Democrats stuck together during more than two hours of bare-knuckles debate to stop the Republicans' efforts, and preserve the system in which people can obtain driver's licenses without proof of immigration status.
The political fighting began as the full Senate was due on a bill by Democrat Peter Wirth to tighten licensing requirements for drivers under age 18. Three Republicans tried to amend that bill with proposals to revoke licenses for illegal immigrants.
Sen. William Sharer, R-Farmington, offered the first proposed change. Wirth said it was "unconstitutional" because it changed the substance of his bill.
A protracted debated followed. It ended with 25 Democrats voting not to allow Sharer's amendment. In doing so, they overruled Lt. Gov. John Sanchez, president of the Senate.
Fourteen Republicans and Democrat Tim Jennings wanted the amendment heard.
Republicans followed that setback with two more attempts to tack the immigrant licensing measure onto Wirth's bill.
Those proposals, by Sens. Clint Harden, R-Clovis, and John Ryan, R-Albuquerque, failed on 25-14, party-line votes.
Sharer argued that granting driver's licenses to illegal immigrants threatens public safety.
Harden said the system also inconveniences the public.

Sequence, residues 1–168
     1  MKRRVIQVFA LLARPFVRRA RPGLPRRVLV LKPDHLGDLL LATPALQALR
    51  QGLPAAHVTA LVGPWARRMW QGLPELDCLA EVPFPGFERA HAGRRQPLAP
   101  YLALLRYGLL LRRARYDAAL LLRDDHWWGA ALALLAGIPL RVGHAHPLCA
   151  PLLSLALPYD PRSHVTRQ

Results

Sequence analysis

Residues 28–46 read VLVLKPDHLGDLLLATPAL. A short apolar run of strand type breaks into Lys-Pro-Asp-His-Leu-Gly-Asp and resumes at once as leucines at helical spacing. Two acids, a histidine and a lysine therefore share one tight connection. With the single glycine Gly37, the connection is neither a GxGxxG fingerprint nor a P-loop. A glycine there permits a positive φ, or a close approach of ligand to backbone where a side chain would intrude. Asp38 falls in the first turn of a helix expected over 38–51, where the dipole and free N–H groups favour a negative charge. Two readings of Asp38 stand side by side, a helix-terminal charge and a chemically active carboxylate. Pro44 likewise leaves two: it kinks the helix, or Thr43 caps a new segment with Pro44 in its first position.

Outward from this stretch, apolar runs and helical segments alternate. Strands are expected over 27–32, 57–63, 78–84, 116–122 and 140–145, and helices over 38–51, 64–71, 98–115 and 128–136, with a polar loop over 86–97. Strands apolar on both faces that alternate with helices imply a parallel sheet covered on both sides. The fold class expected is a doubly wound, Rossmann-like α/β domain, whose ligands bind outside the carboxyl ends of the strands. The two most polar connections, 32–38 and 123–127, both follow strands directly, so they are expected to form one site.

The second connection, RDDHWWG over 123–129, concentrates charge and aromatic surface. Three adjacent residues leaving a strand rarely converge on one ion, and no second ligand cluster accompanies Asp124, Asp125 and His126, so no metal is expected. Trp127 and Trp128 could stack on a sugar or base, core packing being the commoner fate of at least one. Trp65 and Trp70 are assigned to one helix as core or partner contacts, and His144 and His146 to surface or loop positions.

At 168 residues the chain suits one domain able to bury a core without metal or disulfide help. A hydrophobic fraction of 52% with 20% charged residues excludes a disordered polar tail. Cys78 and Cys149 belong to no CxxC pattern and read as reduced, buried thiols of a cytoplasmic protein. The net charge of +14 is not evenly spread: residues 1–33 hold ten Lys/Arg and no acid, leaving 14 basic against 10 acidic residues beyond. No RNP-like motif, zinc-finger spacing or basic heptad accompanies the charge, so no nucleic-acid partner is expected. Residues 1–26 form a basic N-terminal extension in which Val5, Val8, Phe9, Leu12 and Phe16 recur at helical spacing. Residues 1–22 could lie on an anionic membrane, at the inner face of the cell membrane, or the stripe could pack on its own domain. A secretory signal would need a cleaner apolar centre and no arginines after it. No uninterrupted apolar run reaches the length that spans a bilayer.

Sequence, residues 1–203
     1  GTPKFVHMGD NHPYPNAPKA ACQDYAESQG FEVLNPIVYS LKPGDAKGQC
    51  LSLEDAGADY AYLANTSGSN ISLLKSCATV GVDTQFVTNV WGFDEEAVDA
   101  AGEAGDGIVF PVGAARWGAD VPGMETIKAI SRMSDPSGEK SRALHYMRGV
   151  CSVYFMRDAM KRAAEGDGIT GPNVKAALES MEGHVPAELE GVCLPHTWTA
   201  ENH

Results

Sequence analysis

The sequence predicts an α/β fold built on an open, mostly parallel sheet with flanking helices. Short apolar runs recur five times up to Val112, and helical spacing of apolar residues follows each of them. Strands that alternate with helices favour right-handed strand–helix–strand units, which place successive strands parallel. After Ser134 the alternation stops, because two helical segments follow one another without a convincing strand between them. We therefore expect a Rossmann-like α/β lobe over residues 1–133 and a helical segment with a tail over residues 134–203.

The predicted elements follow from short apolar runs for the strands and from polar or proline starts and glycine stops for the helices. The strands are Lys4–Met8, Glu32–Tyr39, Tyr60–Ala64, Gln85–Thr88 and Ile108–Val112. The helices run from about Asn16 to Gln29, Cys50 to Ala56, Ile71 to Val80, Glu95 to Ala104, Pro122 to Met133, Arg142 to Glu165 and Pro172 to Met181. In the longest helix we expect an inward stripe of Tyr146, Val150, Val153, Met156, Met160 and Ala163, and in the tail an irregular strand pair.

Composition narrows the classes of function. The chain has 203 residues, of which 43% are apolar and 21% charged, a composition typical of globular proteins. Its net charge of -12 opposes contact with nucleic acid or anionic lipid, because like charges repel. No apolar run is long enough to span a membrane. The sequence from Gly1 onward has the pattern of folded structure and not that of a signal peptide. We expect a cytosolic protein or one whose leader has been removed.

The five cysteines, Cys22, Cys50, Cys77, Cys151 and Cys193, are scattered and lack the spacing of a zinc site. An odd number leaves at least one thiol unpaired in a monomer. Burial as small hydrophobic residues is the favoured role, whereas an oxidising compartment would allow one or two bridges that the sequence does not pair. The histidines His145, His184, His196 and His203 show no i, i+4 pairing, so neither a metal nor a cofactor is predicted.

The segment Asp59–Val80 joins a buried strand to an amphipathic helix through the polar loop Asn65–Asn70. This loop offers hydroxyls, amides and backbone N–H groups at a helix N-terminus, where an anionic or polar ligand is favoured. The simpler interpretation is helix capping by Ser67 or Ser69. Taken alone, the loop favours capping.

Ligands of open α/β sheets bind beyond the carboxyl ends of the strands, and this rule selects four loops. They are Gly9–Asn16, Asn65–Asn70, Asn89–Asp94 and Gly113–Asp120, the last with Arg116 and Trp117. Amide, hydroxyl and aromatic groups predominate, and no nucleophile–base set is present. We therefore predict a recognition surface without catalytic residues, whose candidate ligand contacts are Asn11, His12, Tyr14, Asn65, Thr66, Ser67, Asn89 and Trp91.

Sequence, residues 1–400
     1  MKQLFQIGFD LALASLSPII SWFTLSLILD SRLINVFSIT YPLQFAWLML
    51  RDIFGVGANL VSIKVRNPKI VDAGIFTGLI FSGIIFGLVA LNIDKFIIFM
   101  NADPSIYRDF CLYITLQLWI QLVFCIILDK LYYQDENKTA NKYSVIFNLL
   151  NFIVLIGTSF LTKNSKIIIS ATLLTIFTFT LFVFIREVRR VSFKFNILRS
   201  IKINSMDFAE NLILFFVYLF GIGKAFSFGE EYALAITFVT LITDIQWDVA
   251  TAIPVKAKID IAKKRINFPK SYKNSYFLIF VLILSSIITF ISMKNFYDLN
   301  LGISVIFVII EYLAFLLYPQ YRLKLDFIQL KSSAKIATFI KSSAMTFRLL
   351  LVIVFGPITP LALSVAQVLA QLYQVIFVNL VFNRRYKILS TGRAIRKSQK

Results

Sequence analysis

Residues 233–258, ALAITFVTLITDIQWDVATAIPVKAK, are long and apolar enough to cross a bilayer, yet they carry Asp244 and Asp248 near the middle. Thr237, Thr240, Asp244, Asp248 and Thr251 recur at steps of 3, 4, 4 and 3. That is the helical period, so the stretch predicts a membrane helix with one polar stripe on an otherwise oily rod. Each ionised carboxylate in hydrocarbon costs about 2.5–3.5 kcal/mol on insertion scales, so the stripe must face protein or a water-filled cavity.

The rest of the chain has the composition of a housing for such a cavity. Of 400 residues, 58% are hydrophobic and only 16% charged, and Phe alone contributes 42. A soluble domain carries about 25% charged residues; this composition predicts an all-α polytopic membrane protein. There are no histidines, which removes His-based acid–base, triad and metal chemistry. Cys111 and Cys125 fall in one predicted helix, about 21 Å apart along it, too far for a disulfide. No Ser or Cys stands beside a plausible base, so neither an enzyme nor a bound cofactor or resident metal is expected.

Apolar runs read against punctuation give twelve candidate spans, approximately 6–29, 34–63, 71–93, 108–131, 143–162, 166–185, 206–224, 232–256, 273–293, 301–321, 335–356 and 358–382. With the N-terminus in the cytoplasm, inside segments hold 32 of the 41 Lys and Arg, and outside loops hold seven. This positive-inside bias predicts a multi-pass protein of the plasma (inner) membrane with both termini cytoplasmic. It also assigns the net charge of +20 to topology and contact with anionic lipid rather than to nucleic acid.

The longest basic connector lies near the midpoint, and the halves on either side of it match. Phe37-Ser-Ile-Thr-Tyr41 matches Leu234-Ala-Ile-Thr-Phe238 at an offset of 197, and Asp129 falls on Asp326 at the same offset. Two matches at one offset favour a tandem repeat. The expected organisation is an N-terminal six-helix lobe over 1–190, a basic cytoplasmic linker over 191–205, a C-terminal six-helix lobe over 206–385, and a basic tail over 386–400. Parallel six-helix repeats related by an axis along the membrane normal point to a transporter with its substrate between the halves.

So compromised are New Mexico driver's licenses, Harden said, that a neighboring state will not accept them to board airplanes.
Sen. Eric Griego, D-Albuquerque, countered that issue was not at all about public safety. Rather, he said, "It's about fear."
The economy is weak, immigrants are under siege and polls say revoking driver's licenses from those in the country illegally is a popular political maneuver, Griego said.
Griego said New Mexico's licensing system works well in that it gives police a way to track undocumented immigrants, who will drive with or without a license.
The number of drivers with auto insurance also has increased since the licensing law's implementation, he said.
Another Democrat, Sen. Howie Morales of Silver City, said the terrorist attacks in New York and Washington, D.C., occurred in 2001.
He questioned why the Republicans now were worried about public safety.
The New Mexico Legislature, dominated by Democrats, in 2003 approved the law allowing illegal immigrants to receive driver's licenses. Republicans in 2005 offered bills to overturn the measure, but got nowhere.
Sen. Steven Neville, R-Aztec, said the licensing issue was steeped in politics because former Democratic governor Bill Richardson made it that way. Richardson, intent on running for president, pushed for the licensing law so he could say he had created a humane immigration policy, Neville said.
In the eight years since the law took effect, about 83,000 foreign nationals have received New Mexico driver's licenses.
The state Motor Vehicle Division does not track how many of them are in the country illegally. Overall, about 1.7 million people have New Mexico driver's licenses.
Revoking the licenses of illegal immigrants is a goal of the new Republican governor, Susana Martinez.
Three House Democrats in a committee vote on Saturday blocked a bill that Martinez favored.
Ryan still has a companion measure in the Senate, but its chances look slim, given Monday's opposition from Senate Democrats.